Certain methods can be used to reduce the uneven settling rate of shifting subsoils. One method includes intensive depth compression with gravel piles. Another method is high shear-strength support layers arranged under the mineral capping layer to achieve the most uniform settling behavior in the region of application. Despite these measures, settling cracks cannot be completely avoided since the settling and sinking conditions in an old dump mass are independent of the load due to different types of deposits within the dump. Added to the problem of shifting dump masses are volumetric changes due to degradation caused by rotting and the shrinkage caused by drying. The same holds true for settleable subsurfaces when high loads are applied to the capping layer or layers.
For the capping layer to have sufficient protection against percolating surface water and for liners against water from within the waste dump it is required to form the sealing layer with a minimum gradient of 3 to 5% with due consideration for the settling and sinking so that trapped water can readily run off. High rates of settling or widely different rates of uneven settling may require considerably greater gradients than is normally required thereby increasing the cost of applying the appropriate grade to the landfill.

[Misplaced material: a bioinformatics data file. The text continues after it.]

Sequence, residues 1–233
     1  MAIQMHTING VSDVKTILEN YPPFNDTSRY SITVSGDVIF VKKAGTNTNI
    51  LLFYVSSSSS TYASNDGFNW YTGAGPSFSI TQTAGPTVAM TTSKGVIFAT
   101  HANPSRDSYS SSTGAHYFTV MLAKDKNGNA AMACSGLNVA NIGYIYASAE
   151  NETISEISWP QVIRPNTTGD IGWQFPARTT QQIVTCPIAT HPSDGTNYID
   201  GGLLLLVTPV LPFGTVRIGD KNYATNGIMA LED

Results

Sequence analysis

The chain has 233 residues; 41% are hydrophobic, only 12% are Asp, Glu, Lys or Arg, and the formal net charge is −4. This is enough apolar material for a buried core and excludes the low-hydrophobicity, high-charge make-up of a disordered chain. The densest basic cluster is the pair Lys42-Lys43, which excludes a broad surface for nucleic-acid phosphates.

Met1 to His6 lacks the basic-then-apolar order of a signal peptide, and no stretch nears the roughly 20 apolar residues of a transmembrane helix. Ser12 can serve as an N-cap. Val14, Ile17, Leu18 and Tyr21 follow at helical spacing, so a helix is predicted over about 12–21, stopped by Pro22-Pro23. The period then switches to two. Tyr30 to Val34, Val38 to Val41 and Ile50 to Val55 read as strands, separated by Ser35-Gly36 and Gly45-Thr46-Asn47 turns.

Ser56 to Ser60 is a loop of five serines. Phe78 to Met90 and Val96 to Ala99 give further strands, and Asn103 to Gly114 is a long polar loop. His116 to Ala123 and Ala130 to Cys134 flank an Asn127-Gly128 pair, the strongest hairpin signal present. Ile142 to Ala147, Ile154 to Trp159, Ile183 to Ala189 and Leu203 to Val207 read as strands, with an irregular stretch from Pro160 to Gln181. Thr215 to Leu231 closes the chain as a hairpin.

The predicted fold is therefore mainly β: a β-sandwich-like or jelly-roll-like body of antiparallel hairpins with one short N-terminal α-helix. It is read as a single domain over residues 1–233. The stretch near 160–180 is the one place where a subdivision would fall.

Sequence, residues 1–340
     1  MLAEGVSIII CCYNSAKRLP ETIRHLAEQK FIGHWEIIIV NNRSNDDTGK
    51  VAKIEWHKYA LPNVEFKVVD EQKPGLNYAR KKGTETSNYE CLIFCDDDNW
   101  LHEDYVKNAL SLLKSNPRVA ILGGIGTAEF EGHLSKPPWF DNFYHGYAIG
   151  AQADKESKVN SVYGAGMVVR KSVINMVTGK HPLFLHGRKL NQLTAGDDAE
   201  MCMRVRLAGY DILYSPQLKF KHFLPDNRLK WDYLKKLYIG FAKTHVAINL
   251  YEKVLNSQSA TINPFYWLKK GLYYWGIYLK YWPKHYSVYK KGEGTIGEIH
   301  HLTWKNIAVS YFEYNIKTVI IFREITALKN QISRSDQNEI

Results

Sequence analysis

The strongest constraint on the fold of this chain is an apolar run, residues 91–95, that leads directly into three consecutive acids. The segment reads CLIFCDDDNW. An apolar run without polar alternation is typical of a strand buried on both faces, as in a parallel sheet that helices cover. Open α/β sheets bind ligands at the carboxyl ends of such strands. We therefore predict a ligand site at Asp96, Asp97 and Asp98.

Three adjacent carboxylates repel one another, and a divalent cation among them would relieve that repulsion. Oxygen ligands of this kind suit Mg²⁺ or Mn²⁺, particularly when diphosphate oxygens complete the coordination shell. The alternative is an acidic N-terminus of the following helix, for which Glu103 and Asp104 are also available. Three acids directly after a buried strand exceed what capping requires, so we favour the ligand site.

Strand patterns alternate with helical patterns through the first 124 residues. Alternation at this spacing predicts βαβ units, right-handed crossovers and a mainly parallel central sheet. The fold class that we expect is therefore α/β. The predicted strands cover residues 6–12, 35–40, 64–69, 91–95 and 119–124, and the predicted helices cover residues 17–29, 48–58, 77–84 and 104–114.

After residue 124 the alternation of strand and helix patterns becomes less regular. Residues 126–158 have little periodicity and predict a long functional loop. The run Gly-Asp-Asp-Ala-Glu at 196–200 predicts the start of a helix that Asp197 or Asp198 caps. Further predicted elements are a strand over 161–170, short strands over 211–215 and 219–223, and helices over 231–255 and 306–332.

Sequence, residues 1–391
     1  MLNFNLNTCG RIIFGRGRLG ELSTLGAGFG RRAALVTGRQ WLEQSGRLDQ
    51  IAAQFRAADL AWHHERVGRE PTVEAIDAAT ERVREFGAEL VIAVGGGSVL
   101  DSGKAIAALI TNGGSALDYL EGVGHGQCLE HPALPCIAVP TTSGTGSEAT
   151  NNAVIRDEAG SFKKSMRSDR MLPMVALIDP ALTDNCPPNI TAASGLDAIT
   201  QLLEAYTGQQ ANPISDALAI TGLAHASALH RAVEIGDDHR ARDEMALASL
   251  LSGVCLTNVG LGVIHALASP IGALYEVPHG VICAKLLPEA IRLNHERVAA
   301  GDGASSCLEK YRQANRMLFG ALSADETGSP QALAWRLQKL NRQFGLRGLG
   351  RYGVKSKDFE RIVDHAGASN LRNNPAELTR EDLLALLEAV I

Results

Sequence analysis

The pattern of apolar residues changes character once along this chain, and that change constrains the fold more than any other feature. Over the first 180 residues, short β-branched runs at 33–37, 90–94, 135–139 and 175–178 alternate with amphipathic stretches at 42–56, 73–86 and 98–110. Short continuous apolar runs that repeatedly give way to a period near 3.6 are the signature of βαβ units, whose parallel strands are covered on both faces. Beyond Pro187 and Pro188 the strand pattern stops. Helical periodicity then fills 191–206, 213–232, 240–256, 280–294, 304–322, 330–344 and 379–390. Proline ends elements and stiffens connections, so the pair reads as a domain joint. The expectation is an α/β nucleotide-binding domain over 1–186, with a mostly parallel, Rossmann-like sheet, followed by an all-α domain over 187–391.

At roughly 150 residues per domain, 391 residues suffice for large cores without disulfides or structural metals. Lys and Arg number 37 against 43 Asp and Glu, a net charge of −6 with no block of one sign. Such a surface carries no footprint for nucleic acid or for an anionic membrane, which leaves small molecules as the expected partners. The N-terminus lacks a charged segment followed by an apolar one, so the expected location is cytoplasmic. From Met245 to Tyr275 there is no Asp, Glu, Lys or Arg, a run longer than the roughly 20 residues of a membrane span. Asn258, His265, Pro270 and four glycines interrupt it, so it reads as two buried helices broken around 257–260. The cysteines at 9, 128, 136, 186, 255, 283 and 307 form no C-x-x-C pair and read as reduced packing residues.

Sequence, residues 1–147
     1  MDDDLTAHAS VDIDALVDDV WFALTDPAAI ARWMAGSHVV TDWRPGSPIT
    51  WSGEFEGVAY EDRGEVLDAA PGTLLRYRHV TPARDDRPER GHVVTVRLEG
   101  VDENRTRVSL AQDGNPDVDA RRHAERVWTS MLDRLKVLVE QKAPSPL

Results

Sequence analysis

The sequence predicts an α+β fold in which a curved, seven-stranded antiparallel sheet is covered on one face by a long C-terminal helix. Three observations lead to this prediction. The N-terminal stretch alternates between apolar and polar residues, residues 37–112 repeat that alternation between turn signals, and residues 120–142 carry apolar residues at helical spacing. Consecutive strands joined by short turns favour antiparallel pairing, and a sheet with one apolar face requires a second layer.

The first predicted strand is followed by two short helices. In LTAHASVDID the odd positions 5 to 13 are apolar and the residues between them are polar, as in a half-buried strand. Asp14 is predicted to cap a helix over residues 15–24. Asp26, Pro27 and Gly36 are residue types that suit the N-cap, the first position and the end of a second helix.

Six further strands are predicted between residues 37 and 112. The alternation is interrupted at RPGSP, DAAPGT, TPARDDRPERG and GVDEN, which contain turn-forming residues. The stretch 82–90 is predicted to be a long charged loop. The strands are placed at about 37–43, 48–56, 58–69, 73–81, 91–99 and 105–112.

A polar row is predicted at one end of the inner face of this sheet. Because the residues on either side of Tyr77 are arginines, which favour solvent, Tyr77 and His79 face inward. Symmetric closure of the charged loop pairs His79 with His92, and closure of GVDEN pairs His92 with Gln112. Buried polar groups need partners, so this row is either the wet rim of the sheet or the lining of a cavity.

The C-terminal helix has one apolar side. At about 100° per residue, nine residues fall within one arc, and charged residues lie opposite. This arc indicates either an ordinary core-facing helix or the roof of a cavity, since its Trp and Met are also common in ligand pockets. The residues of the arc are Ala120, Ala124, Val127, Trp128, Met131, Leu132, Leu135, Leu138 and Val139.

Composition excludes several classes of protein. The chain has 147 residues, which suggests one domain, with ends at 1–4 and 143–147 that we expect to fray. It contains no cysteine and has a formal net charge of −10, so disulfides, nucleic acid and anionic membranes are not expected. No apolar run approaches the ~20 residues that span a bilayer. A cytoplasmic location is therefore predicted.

For the surface or covering layers a continuous surface filter such as gravel, coarse sand, or filter mats may be used over the mineral sealing layer to drain the seepage from within the landfill or the surface water from the top soil or cultivable soil applied over any capping layer. If there are long periods of dry weather, the capping layer under the cultivable soil and the surface filter might become so dried out that shrinkage cracks will form. This is particularly a problem for cover layers of clay, loam, or other artificial mixtures, e.g., tailings with additives of flotation foam and bentonite or mineral mixtures with additives of bentonite. The drying effects in combination with uneven settling rates present the possibility of a high rate of crack formation which can lead to complete destruction of seal integrity so that the waste dump is no longer properly functional.